The programs? A deep dive into the factors of a successful chocolate business; the genetics of structural groups; and heirloom cacao tree preservation.  But there was plenty to fascinate a humble food writer, including two sessions on flavor profiles with cacao liquors and cacao beans.  There is a serious effort to remove the subjectivity in rating these two vital precursors to finished chocolate products.

Table Talk Leader Emily Stone (Left)

Table Talk Leader Emily Stone (Left)

Serious Cacao Rating Sheets

Serious Cacao Rating Sheets

It was interesting to contrast the approach of these professionals to the tasting session at the DC Chocolate Show.  There are dollars and careers riding on flavor nuances, affected by many variables in the varietals, cultivation, processing, storage, and transport of cacao, ergo, much more precision involved in the rating of flavor profiles.

Which brings us to the presentation from the Heirloom Cacao Preservation Fund.  This organization was formed to preserve endangered varieties of cacao by pushing back against environmental change, deforestation, and economic forces threatening the livelihoods of farmers and the diminishing of genetic diversity.  They conducted a sampling of chocolate made from rare and exotic heirloom trees.

Heirloom Tasting Sample

Heirloom Tasting Sample

The speakers also included Fran Bigelow of Fran’s Chocolates, founded in Seattle in 1982, and now a world-class company.   President Obama has a well-known fondness for her salted caramels.  She was one of the earliest producers of the treat in this country, and “couldn’t be more surprised” when they became wildly popular.

Fran Bigelow

Fran Bigelow

Another speaker, Clark Guittard, of the eponymous company, could be the industry’s rock star.  He’s the current FCIA president.  His badge bore 4 ribbons, the most of any: Exhibitor, Presenter, Board Member, Sponsor.

Clark Guittard (Left) At His Exhibition Table

Clark Guittard (Left) At His Exhibition Table

And then there was this guy: Brian Wallace, Founder, Maker, and Alchemist of Endorfin Foods, the archetype of an artisan chocolate maker, gave me a sample of his “Passion” – Dark Coconut-Mylk Chocolate with Ginger and Rose bar.  It was excellent: smooth, complex, changing from moment to moment as it melted in the mouth.

Bruce Wallace, Endorfin Guy

Brian Wallace, Endorfin Guy

He was attending the Elevate event, but without participating in the formal tasting.  He promised me a whole bar if I visited him at the Fancy Food Show the next day – so I did.

Two Excellent Chocolate Bars

Two Excellent Chocolate Bars

And bonus – I scored a bar of his “Turkish Coffee” – Dark Coconut-Mylk Chocolate with Coffee and Cardamon.  It’s almost as good as the Ginger and Rose bar.  I recommend them both!

Next: Is There Such A Thing As Too Much Chocolate?  Part 3: Far Afield

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Is There Such A Thing As Too Much Chocolate? Part 1: The Local Show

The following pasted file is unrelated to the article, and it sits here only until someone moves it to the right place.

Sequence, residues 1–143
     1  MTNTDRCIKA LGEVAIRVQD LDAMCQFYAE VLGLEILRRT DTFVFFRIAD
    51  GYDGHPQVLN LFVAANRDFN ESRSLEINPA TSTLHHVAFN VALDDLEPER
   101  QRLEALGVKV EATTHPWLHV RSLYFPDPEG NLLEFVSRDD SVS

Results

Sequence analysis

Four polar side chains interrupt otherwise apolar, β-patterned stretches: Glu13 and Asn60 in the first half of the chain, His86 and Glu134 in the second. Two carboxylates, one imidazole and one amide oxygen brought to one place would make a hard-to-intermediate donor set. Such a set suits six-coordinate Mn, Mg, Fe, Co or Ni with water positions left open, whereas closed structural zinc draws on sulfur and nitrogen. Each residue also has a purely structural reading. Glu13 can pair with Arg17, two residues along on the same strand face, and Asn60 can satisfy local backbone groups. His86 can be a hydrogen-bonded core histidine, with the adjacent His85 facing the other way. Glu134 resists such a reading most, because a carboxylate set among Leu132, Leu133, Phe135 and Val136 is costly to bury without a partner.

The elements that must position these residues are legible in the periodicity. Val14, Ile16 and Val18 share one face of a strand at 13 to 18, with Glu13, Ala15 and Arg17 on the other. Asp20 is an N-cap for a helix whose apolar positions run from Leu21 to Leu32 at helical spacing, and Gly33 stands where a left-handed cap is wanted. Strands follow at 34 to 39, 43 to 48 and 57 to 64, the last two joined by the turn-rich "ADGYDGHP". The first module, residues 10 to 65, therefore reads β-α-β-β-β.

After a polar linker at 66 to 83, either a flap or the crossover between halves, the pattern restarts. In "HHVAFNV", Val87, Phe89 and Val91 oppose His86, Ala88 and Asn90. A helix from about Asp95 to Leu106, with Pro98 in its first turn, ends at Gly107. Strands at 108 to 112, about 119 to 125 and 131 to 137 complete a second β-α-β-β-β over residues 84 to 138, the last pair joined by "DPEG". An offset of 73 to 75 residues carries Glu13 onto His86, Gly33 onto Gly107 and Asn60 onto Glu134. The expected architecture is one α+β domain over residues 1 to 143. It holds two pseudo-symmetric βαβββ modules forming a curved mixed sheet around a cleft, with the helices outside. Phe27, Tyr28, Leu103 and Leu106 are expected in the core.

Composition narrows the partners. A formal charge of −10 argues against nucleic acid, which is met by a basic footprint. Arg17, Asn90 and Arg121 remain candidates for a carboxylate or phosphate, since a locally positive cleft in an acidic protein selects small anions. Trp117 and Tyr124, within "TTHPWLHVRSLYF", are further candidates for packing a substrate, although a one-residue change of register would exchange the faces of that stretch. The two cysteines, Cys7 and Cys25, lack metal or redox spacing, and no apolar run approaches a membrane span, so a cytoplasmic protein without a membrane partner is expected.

The short answer: No.  I have about 1,400 words around the long answer.

In 2016, three events stood out as potential chocolate overloads.  Fortunately, none managed to quell my love of the dark stuff, but not through lack of trying.

In April, the first DC Chocolate Festival took place in the Westin City Center Hotel.  (The second one is planned for April 29, 2017.)  It was organized by Marisol Slater, owner of The Chocolate House, a chocolate boutique in downtown D.C.

The day-long event held six classes, and a large ballroom filled with twenty-eight chocolate vendors.  And two features for the benefit of two excellent causes: a silent auction for D.C. Central Kitchen, and a raffle for the Heirloom Cacao Preservation Fund.  I hadn’t heard of the Fund before, but I became better acquainted with them at the next event (and so will you).

I sat in on two classes.  For the first, Lowe Bibby led us in a tasting of six different bars with distinct origins and styles.  Mr. Bibby has reviewed almost 1,000 chocolate bars on his site, Chocofiles, so was uniquely qualified to guide us through the subtle differences in taste.

Mr. Bibby Educates Our Palates

Mr. Bibby Educates Our Palates

He provided a score sheet to rate bars from 1 to 10 based on a long list of descriptive terms, resulting in an “enjoyment rating.”  The rating ranged from inedible through average, delightful, and heavenly, to favorite.  I wonder if any were ever rated “inedible”?  Of samples originating in places from Ecuador to Papua New Guinea, the top-rated bar on my scale was Manoa, from Hawai’i.

My second class was a chef demo: “Using Chocolate in Savory Recipes.”  Co.Co. Sala  is one of the best places in D.C. for innovative chocolate dishes, both sweet and savory.  Executive Chef Santosh Tiptur whipped up some chipotle chocolate dipping sauce, served over cheese fritters.  And, lagniappe – he supplied the recipe!

But First, A Selfie

But First, A Selfie

Sampling The Sauce

Sampling The Sauce

 

The exhibit floor presented a vista of taste possibilities.  There were big, multinational corporations (Valhrona), tiny two-person artisans (Steven Howard Chocolates, our friends from the Olney Farmers Market), and every size in between.  Many companies emphasized the unique qualities of their chocolate, and used some showmanship to stand out from the crowd.  Others just relied on taste.